Nevertheless, their phylogenetic analysis has several implications for the understanding of high flammability (given that sclerophylly in seasonal climates is already a likely exaptation for flammability). First, the Banksia phylogeny shows reseeding evolved very early on and that most flammable plants are reseeders. This indicates that high flammability is not a suicidal behaviour, because reseeders would die in fire anyway; they die in even the mildest of fires. Second, He et al. show that high flammability traits evolved much later than did serotiny. The occurrence of serotiny already implies the selective agent of a fire regime. That flammability evolved after serotiny therefore suggests that high flammability traits do not influence whether fire would occur or not in a community, but rather how it influences local intensity. Thus highly flammable plants would not influence community fire frequencies. But just why plants evolve to burn intensively, still remains speculative.

Are the dates provided by He et al. correct? Molecular dating has its own internal issues, such as whether there is reasonable resolution and calibration, and their dating will no doubt be critically evaluated. These issues notwithstanding, their results gain support from a recent paper by Crisp et al. (2011). Also working on iconic Australian fire taxa, Crisp et al. (2011) argue that deeply buried epicormic resprouting strands in the stems of Australian Myrtaceae (eucalypts or gum trees) are fire adaptations and that these too have a 60 Ma origin. Eucalypt trees are singularly impressive in their rapid epicormic resprouting response after massively intense canopy fires and therefore it is highly likely that these epicormic strands are fire adaptations. The striking agreement between the dates of these two papers on two unrelated taxa is thus suggestive of an ancient fire regime in this continent. Serotinous taxa imply fire-prone communities not just fire-prone species!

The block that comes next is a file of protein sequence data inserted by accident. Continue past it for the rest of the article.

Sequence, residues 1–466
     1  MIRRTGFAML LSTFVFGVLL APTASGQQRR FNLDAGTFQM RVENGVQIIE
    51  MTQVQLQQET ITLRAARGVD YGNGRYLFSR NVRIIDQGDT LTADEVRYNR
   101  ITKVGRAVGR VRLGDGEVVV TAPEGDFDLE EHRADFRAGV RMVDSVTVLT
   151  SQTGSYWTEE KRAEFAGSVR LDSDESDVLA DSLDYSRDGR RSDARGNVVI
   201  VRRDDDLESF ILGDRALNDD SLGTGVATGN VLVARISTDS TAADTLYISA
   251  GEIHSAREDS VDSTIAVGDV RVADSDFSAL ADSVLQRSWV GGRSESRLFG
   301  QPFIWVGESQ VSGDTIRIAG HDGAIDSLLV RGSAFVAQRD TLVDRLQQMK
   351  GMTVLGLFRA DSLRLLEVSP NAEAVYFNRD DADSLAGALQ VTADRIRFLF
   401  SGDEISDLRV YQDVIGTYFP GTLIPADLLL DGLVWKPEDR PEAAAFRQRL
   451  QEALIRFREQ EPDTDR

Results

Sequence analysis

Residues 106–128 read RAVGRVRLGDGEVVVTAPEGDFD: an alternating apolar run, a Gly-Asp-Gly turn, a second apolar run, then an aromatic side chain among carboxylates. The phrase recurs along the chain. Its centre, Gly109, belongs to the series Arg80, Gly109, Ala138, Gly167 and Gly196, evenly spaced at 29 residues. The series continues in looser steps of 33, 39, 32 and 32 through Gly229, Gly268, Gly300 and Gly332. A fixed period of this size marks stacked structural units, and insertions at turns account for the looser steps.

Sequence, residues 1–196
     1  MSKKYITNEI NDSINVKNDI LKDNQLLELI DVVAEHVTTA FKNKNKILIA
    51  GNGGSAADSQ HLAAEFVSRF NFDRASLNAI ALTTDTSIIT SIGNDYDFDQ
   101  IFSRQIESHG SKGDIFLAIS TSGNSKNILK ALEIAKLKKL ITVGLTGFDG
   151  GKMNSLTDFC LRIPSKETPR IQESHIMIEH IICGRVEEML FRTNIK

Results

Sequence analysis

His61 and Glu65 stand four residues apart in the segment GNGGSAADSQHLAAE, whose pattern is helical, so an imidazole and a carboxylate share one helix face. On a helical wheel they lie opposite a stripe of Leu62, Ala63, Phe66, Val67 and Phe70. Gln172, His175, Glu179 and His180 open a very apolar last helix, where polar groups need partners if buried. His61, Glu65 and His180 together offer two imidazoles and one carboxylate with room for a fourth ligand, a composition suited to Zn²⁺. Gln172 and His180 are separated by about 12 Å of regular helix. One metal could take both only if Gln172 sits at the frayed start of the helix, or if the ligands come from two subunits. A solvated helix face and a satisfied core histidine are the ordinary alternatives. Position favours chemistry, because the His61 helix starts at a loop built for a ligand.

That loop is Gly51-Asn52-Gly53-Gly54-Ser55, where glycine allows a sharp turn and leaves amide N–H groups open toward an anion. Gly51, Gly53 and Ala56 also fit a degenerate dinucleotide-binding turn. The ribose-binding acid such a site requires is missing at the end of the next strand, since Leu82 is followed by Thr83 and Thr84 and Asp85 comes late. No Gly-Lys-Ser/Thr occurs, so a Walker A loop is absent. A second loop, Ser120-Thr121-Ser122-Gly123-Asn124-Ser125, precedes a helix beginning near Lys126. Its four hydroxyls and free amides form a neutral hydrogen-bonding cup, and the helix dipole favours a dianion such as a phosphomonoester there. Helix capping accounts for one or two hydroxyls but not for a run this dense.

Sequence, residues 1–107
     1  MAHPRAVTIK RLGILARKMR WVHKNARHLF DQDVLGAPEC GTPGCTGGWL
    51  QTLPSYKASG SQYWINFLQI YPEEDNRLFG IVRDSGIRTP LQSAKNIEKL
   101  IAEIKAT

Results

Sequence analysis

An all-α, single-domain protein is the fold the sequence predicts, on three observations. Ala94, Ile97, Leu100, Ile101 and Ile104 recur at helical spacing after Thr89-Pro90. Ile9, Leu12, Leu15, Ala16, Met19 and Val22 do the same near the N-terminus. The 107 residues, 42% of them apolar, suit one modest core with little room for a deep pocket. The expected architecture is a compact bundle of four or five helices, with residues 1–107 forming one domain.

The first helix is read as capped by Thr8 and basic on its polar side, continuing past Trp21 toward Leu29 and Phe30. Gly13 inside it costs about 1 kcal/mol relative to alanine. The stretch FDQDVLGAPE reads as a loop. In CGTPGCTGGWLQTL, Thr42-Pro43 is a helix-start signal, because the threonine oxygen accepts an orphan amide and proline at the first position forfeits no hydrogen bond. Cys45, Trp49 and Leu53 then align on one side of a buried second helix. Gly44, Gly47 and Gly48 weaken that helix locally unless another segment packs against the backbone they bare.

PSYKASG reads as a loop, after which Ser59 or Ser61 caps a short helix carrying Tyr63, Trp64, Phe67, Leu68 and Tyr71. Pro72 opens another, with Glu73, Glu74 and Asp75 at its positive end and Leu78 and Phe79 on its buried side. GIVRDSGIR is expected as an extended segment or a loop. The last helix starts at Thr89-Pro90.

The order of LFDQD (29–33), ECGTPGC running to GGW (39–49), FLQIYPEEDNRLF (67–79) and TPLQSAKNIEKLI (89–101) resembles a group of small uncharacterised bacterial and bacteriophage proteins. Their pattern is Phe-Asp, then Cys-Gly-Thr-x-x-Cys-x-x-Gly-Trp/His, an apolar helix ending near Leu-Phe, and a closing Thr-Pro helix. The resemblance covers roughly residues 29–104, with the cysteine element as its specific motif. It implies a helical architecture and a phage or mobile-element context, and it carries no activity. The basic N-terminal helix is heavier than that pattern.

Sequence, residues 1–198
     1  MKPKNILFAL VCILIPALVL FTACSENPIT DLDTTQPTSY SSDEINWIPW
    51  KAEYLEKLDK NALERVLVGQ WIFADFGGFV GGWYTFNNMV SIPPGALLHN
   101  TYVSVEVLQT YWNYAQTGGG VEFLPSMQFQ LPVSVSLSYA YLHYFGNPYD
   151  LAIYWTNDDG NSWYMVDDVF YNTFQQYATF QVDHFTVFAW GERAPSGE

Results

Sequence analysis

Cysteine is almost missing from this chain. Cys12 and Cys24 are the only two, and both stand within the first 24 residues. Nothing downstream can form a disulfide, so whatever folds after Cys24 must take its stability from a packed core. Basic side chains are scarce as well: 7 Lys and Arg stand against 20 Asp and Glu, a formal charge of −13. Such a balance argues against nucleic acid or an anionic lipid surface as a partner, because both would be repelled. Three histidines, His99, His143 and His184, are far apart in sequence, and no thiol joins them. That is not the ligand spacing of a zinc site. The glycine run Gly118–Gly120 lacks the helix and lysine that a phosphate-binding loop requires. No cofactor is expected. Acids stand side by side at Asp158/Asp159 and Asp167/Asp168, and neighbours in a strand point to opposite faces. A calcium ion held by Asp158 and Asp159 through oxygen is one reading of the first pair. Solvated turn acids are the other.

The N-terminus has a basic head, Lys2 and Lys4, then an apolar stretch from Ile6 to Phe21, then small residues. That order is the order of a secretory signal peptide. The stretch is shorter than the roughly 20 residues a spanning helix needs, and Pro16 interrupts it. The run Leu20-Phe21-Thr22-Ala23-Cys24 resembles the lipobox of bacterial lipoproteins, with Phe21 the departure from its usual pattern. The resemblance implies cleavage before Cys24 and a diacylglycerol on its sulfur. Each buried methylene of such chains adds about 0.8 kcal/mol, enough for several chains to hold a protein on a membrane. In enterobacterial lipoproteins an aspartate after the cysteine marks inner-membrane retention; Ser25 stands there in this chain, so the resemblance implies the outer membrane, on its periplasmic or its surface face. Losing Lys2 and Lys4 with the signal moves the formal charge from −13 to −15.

At this stage it seems that ancient fire is uniquely Australian. Molecular dating of African Proteaceae suggest they are a recent dispersal event; Valente et al. (2010) have a crown age of 17.7–25.2 Ma for Cape Protea. Serotiny also seems to us to be a basal trait in Protea. Bytebier et al. (2011) have a date on fire stimulated flowering of Cape orchids of 13–15 Ma, again suggesting fire is more recent in Africa. Simon et al. (2009) argued that South American cerrado has a 10 Ma origin, but that most of the diversification would have been within the last 4 Ma. A draw back of the dated phylogeny approach to date the onset of fire regimes is that it is dependent on how old the study taxon is. In this sense nonangiosperms, such as conifers, may be useful to push fire back even further. For example, Widdringtonia in South Africa has fire-adapted taxa that are serotinous and resprout.

Glasspool & Scott (2010) showed that fossil evidence for the occurrence of fires (percentage of inertinite in coal) was high throughout the Cretaceous. Bond & Scott (2010) argued that this may have opened up ecosystems and facilitated the expansion of weedy angiosperms. This ‘fire in the Cretaceous hypothesis’ cannot be tested on Banksia because the taxon is too recent. Glasspool & Scott (2010) also noted that inertinite declines through the Palaeogene and Neogene in the Northern Hemisphere. The results of He et al. and Crisp et al. (2011) suggest that, by contrast, fire was still burning regurlarly during this period, at some reasonable scale, in some parts of the Southern Hemisphere.